HOLLYWOOD—I will just say it; I hated the first “Dune” movie. I thought it a visual masterpiece of cinema, but the narrative was so jumbled it was nearly impossible to follow and understand what was unfolding. How can I best say this? If you blinked, you missed something crucial, and the first film REALLY required multiple viewings to understand what was unfolding on the screen. I never read the books and I didn’t know much about the allure of this franchise until I witnessed the first movie.

I think if you have to do any research on a movie before you watch the movie that is a problem. The story should compel you enough and deliver enough breadcrumbs where as a viewer you can pick up what is taking place and how to navigate the story from there. This second installment amps up the narrative in a way that allows the viewer to follow and become invested. The first movie failed to deliver any sort of excitement that made me want to continue watching without feeling obligated it was an invested interest.

Of course this second entry follows Paul Atreides (Timothee Chalamet), who is captivating on the screen. The actor is a star and he finds a way to shine on the screen as he battles to overthrow the vicious nature of the House of Harkonnen. In his battle, Paul is joined on his mission by Chani (Zendaya), a rebellious Fremen warrior who was a slight thorn in Paul’s story in the first movie, but more of an ally this time around. The romance spark is there, but I really wanted to see a bit more chemistry between the two characters that I’m certain we will see in the next installment as it was slightly explored here.

“Dune: Part Two” has plenty of star power with Rebecca Ferguson, Josh Brolin, Florence Pugh, Dave Bautista, Christopher Walken, Javier Bardem, Charlotte Rampling and Stellan Skarsgard. However, it is “Elvis” star Austin Butler that steals the show as the wicked Fedy-Rautha Harkonnen. Butler was a villain I rooted for because his presence was violent; he had a no qualms in the world about his fate. If he lived he lived, if he died he died and that makes the antagonist a formidable foe for our protagonist and as a spectator I enjoyed that element quite well.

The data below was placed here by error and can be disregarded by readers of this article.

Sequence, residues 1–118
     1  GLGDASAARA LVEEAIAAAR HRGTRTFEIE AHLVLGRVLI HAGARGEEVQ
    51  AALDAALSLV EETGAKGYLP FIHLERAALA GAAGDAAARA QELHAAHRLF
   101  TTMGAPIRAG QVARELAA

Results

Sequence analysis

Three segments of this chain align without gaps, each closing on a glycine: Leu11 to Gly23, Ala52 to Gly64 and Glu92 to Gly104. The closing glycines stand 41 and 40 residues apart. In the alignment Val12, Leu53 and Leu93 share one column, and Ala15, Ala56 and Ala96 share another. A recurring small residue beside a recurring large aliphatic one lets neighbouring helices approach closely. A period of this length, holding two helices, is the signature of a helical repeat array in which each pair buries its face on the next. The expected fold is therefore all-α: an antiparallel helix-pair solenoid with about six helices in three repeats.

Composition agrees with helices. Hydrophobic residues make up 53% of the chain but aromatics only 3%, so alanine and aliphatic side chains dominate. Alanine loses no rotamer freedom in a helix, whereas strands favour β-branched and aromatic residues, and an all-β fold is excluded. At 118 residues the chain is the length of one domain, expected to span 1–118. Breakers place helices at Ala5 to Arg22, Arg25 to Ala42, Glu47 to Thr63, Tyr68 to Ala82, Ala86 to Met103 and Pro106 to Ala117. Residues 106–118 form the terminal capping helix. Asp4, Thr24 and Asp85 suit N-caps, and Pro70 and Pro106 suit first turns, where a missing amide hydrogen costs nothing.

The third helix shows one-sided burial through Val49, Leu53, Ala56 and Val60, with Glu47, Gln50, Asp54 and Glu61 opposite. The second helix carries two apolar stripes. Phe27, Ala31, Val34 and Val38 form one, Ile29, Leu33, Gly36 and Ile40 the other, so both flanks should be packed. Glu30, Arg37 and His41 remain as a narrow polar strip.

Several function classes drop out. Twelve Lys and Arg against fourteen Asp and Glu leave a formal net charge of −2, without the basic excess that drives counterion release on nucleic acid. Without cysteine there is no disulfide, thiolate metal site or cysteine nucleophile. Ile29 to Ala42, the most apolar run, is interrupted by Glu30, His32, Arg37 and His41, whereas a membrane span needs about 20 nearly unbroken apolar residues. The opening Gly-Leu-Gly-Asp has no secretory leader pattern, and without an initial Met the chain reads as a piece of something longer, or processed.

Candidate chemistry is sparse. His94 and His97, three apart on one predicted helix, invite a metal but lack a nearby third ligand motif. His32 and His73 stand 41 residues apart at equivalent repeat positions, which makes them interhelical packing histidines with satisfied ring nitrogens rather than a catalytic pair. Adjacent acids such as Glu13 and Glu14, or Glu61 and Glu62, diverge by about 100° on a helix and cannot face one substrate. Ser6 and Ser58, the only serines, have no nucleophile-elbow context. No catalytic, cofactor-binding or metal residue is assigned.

The big buildup of the battle between Paul and Feyd was well worth it and while not the longest fight sequence it is nuanced and beautifully shot in a way that brings the viewer into the movie even more. Director Denis Villeneuve does exceptional work crafting such a grand film. I mean some of the visuals from the characters and how things unfold on Arrakis is simply magnificent, and makes you think what vision the director had in his mind. You feel like you’re on the desert with these characters, and those images of the sandworms when they attack and are utilized by our protagonists makes you believe to a degree these creatures could possibly be real.

Do I think the movie at over two hours and 45 minutes is a bit long? Yes, about 15-20 minutes could be chopped off to increase the pacing of the narrative. There are slight dull moments in the sequel, but nothing compared to what felt almost ongoing in its predecessor. The sequel really progresses the development of many of these characters where we got a slice of their lives in the first flick, but this second installment truly allows viewers to get into the psyche of these characters and discover some of their motives and drives for doing what it is they do.

Major improvement from the first flick that a lot of people (including me) weren’t big fans of, so the franchise can only reach for the stars for the third installment which is certain in our near future after its box-office success.